Best Synth Teacher

Discussions about anything analog, digital, MIDI, synth technology, techniques, theories and more.
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Percivale
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Best Synth Teacher

Post by Percivale » Thu May 01, 2014 6:43 am

Excluding persons, tutorials and other learning methodologies, which synthesizer do you feel had taught you most about sound synthesis? Remember this is not a competition and neither is the question asking your opinion on the latest/biggest/baddest 8-)

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Broadwave
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Re: Best Synth Teacher

Post by Broadwave » Thu May 01, 2014 9:22 am

1. ARP 2600 - When I first started dabbling with synths.
2. Korg Kronos - Now.

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Re: Best Synth Teacher

Post by Hybrid88 » Thu May 01, 2014 9:25 am

Can't really beat the SH-101 as one of the best learning synths, but I kinda jumped in the deep end with the V-Synth, in hindsight maybe not the simplest synth to learn on but definitely one of the most rewarding :)

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Re: Best Synth Teacher

Post by nathanscribe » Thu May 01, 2014 9:57 am

Juno 6. My first synth back in 1991. No manual, no access to online resources, even the bloke who sold it to me had about half an idea how it worked - I just played with it till I figured out what could be done.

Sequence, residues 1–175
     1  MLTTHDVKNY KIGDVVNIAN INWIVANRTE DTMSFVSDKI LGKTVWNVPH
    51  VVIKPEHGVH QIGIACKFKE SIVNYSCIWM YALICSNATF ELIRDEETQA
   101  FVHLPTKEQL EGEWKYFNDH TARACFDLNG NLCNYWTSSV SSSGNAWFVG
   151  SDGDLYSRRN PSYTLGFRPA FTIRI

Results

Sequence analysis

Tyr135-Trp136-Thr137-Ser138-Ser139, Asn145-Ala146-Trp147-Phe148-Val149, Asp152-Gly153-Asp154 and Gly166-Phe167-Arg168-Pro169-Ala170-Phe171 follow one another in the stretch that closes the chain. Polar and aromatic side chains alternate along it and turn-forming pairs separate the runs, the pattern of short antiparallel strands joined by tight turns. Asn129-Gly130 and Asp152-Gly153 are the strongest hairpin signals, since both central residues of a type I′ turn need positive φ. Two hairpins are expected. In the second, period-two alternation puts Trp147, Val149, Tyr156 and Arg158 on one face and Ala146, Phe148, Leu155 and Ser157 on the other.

Moog LP. Not so much about learning how synthesis works, as what can be done around the edges of a relatively simple modern analogue. I've had this 7 years now, and am still getting surprises from it.

I feel like I need to explore FM more, and get back into lo-fi sampling. I used to totally cane my Mirage back in the 90s.

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Re: Best Synth Teacher

Post by meatballfulton » Thu May 01, 2014 12:16 pm

dotcom modular
I listened to Hatfield and the North at Rainbow. They were very wonderful and they made my heart a prisoner.

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Re: Best Synth Teacher

Post by synthroom » Thu May 01, 2014 2:36 pm

Kronik wrote:1. ARP 2600 - When I first started dabbling with synths.
A 2600 here too. got one or my 3rd or 4th synth. It's nice because it's all right there in front of you, with a nice fixed wiring diagram on front, and then all the patch points just add to the learning experience.

I understand they were initially designed as a "teaching" synth to begin with.
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Re: Best Synth Teacher